The United States began widespread COVID-19 vaccine distribution on December 14th, 2020; however, after ten months the CDC reports that only 56% of the U.S. population is fully vaccinated. When compared to other high socioeconomic (SES) nations, the U.S.’s vaccination rate ranks among the lowest. While the people of low SES nations are pleading to high SES nations to increase their access to this preventive medicine, the people of the United States are privileged to not face this access-related issue. Instead, a barrage of misinformation has convinced a large portion of the U.S. population to not get fully vaccinated. Efforts to counter vaccine misinformation have done little to repair the damage created in the public’s perception of the COVID-19 vaccine. The Biden Administration must follow through on their proposed OSHA COVID-19 vaccine mandate and expand those mandates to cover other gaps in our public health intervention.
According to the scientific journal, Nature, low SES nations collectively have a vaccination rate of less than 1%. The low vaccination rate experienced in these nations is directly attributed to strict pharmaceutical patents in the United States and other western nations that are preventing these nations from producing cheaper alternatives. The UN Development Programme projects that low SES nations are expected to lose over $220 billion as a direct result of the COVID-19 pandemic. This immense economic loss will cause deep social impacts to these nations, likely impacting human rights, education, and food security.
The people of U.S. do not experience the access-related issue that low SES nations face, on the contrary there is an overabundance of the vaccine, allowing immunocompromised people to receive third doses. The main driving force behind the low vaccination rate in the U.S. is the bombardment of misinformation, which has its biggest impact on marginalized and working-class communities. Much of this misinformation targets the mistrust these marginalized groups already have in public health intervention, especially relating to abuses like the Tuskegee Study and the early stages of HIV/ AIDS outreach. When it comes to working-class communities, finding time to get the vaccine can be hard due to potentially missing work or lack of adequate transportation. For many working class people, these factors in conjunction with misinformation, causes many workers to view missing work to receive the vaccine doses as too risky.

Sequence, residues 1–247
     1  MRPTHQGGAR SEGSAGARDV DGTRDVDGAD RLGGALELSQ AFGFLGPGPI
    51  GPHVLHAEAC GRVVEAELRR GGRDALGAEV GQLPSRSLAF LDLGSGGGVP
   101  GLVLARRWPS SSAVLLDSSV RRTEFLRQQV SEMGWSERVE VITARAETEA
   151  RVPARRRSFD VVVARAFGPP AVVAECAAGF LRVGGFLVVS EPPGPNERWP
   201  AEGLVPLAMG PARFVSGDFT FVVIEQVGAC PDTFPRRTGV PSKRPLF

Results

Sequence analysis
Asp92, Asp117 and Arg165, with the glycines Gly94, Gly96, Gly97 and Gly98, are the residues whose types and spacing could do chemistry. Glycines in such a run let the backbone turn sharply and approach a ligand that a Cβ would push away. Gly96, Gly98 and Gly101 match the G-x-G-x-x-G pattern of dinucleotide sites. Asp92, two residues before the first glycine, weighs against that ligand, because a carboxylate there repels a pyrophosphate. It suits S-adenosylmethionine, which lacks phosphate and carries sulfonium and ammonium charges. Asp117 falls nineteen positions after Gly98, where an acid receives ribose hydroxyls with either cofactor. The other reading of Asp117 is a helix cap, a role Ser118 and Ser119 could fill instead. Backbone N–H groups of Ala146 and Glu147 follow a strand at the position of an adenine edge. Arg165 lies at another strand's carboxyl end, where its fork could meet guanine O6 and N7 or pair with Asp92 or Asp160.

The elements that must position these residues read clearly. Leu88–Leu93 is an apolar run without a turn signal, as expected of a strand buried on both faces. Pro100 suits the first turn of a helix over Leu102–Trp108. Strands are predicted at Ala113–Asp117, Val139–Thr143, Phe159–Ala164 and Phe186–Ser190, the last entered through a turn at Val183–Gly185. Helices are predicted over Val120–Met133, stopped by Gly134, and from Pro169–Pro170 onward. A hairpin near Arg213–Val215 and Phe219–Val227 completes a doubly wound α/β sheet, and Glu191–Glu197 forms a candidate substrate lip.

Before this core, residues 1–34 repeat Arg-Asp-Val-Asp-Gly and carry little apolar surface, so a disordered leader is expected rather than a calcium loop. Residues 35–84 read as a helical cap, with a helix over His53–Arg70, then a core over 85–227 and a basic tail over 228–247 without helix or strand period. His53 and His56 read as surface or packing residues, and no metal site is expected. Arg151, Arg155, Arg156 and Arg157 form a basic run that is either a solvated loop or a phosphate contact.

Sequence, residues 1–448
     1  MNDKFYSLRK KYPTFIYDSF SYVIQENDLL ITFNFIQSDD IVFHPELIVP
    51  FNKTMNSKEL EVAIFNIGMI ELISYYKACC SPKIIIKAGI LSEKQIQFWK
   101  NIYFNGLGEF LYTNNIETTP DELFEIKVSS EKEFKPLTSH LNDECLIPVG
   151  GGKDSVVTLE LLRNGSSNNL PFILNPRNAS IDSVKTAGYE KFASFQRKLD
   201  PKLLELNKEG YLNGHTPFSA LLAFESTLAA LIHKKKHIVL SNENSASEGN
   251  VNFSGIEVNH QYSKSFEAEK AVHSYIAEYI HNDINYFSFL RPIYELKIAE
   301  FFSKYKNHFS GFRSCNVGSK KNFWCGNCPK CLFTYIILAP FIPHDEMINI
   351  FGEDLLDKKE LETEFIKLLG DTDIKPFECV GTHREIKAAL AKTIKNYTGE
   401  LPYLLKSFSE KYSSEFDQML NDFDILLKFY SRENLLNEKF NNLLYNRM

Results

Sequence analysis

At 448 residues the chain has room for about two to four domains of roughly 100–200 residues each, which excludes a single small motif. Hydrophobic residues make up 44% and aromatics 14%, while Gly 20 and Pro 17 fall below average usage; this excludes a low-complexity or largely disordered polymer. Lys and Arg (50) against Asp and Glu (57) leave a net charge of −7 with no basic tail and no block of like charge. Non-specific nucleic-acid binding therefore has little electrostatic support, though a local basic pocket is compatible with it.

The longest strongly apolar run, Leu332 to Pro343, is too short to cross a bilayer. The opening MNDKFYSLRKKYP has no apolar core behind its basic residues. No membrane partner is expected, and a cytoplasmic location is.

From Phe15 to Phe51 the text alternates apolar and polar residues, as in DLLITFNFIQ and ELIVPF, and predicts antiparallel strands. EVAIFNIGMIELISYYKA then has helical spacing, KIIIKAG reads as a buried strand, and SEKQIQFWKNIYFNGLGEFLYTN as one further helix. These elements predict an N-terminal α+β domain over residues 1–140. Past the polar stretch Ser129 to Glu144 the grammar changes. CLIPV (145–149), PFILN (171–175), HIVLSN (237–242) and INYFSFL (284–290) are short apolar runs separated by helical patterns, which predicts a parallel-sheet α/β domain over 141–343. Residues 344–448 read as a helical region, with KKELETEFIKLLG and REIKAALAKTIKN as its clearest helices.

In September of 2021, the Biden administration announced that it will compel OSHA to mandate vaccinations for all companies with more than one hundred workers. The Administration projects that this mandate will push “80 million American workers” to vaccinate. While this will be great at incentivizing more workers to receive the vaccination, it will significantly burden marginalized and working-class individuals if these mandates aren’t coupled with protections and benefits. These could include providing subsidies for the transportation cost and missed work, as well as protections from employer retaliation. Further, the Administration can compel other agencies to promulgate rules that expand the mandate even more. For example, the Administration can compel the Department of Transportation to mandate proof of vaccination for all interstate public transportation. With these modified actions, the Biden Administration can help to significantly increase the United States’ vaccination rate.